Structural Genomics Consortium unveils LRRK2 genetic research initiative funded by The Michael J. Fox Foundation

Toronto, November 23, 2021 – The Structural Genomics Consortium (SGC) is pleased to announce a new research initiative, funded by The Michael J. Fox Foundation for Parkinson’s Research, focusing on the WD domain of LRRK2. Using computational methods, this initiative will explore complementary and novel therapeutic strategies to target LRRK2.

Over a decade after researchers made the discovery that mutations in the LRRK2 gene are associated with some forms of Parkinson’s disease risk, there is still much that is unknown about this genetic connection, making initiatives of this kind extremely valuable. “The research findings from this initiative will provide a better understanding of how these mutations increase the risk in Parkinson’s, and about what role LRRK2 plays in this process,” said Aled Edwards, SGC founder and CEO.

In adhering to its open science model, SGC will make all its data publicly available, without restriction, to accelerate the ability of Parkinson’s disease researchers to explore LRRK2’s biological function and therapeutic relevance. Though there is still much to uncover about the genes associated with Parkinson’s, innovative research like this provides scientists with the tools needed to better understand the role of these genes in the progression of disease, which can be critical to enabling new strategies for the development of treatments for those living with Parkinson’s.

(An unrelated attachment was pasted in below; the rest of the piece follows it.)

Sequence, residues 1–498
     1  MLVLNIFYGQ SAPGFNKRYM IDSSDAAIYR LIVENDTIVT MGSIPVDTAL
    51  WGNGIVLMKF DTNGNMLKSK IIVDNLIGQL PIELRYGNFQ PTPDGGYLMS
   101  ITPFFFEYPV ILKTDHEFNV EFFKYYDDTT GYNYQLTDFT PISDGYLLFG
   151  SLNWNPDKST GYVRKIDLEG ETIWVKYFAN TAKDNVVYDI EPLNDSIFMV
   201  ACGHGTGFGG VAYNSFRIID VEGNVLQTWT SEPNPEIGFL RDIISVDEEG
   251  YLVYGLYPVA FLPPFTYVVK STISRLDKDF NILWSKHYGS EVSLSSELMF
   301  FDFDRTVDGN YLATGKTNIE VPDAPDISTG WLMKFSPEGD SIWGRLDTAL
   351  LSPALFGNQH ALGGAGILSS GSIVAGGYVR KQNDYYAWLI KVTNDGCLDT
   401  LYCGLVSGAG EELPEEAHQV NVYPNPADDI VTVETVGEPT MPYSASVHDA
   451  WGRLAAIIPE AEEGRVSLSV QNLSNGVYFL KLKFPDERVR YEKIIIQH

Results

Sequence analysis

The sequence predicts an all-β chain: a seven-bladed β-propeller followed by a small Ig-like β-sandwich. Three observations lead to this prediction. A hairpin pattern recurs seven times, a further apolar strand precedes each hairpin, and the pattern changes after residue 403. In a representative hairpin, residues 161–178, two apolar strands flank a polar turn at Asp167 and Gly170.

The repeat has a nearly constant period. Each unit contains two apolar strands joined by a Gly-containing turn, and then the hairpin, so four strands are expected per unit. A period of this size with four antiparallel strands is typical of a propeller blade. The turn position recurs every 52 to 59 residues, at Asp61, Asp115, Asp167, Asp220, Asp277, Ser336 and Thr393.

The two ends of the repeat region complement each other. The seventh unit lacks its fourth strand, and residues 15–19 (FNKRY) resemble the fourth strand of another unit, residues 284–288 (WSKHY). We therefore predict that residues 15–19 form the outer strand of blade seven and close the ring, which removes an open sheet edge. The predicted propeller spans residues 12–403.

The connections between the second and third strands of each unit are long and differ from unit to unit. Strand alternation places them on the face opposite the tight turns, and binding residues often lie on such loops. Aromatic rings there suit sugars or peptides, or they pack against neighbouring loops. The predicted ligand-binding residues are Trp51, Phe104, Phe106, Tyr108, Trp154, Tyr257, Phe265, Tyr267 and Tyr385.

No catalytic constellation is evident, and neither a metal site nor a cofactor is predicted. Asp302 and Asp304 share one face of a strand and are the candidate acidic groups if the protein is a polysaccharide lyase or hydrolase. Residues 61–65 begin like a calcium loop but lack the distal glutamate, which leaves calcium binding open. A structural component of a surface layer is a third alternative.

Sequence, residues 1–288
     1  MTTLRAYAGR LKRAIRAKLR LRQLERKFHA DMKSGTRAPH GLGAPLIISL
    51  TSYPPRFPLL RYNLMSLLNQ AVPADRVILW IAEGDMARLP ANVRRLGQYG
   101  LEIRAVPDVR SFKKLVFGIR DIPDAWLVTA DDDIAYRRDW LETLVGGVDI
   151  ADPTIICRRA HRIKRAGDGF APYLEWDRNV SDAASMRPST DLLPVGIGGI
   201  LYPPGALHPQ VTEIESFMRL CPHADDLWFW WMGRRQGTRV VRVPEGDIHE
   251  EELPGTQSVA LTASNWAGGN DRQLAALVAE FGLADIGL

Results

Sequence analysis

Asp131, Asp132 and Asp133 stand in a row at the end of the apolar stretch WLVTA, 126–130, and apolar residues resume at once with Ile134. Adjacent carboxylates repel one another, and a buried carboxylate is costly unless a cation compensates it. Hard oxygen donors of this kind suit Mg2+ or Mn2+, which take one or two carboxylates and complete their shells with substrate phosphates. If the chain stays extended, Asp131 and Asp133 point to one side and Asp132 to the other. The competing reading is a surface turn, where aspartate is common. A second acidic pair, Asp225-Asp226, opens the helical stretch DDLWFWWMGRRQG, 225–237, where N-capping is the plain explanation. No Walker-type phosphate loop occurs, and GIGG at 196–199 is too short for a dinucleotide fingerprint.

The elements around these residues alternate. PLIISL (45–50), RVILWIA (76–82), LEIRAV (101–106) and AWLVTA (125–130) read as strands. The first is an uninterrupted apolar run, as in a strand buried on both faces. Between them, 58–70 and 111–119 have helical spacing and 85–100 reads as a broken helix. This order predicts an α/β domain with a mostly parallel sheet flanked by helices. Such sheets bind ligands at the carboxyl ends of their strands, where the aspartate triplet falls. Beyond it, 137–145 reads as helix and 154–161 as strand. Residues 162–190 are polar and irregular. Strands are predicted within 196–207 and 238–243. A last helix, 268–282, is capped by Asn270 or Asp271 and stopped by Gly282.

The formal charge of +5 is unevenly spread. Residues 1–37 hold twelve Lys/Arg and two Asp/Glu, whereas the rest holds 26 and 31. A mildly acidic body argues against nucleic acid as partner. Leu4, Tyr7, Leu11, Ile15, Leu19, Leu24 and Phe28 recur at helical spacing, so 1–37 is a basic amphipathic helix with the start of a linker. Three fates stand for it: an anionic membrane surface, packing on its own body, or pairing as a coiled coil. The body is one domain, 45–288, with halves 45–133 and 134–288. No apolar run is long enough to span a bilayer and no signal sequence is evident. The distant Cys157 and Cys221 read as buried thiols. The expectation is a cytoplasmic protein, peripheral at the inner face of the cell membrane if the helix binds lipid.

About Structural Genomics Consortium

The Structural Genomics Consortium (SGC) is a global public private partnership dedicated to open science. It seeks to accelerate drug discovery by fostering collaboration among a large network of scientists in academia and industry and by making all research outputs openly available to the scientific community. The current SGC research hubs are in Canada, Germany, Sweden, the United Kingdom, and the United States.


For further information, contact:

Jill Kinsella

Director, Communications

Structural Genomics Consortium



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